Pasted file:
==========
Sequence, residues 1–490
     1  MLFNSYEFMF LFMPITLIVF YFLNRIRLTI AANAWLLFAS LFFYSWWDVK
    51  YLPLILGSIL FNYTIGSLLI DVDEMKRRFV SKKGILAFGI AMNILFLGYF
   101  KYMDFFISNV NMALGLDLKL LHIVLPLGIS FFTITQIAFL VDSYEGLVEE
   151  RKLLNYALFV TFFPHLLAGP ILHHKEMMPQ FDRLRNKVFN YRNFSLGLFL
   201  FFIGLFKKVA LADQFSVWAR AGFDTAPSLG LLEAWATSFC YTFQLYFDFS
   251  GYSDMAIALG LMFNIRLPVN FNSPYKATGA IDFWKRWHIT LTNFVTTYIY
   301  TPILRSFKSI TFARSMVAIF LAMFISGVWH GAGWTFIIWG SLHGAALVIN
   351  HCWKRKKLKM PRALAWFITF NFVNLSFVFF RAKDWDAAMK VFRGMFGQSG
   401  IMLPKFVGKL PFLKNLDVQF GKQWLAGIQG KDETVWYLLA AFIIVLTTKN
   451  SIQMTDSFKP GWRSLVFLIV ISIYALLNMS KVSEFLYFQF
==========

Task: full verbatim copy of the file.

Sequence, residues 1–490
     1  MLFNSYEFMF LFMPITLIVF YFLNRIRLTI AANAWLLFAS LFFYSWWDVK
    51  YLPLILGSIL FNYTIGSLLI DVDEMKRRFV SKKGILAFGI AMNILFLGYF
   101  KYMDFFISNV NMALGLDLKL LHIVLPLGIS FFTITQIAFL VDSYEGLVEE
   151  RKLLNYALFV TFFPHLLAGP ILHHKEMMPQ FDRLRNKVFN YRNFSLGLFL
   201  FFIGLFKKVA LADQFSVWAR AGFDTAPSLG LLEAWATSFC YTFQLYFDFS
   251  GYSDMAIALG LMFNIRLPVN FNSPYKATGA IDFWKRWHIT LTNFVTTYIY
   301  TPILRSFKSI TFARSMVAIF LAMFISGVWH GAGWTFIIWG SLHGAALVIN
   351  HCWKRKKLKM PRALAWFITF NFVNLSFVFF RAKDWDAAMK VFRGMFGQSG
   401  IMLPKFVGKL PFLKNLDVQF GKQWLAGIQG KDETVWYLLA AFIIVLTTKN
   451  SIQMTDSFKP GWRSLVFLIV ISIYALLNMS KVSEFLYFQF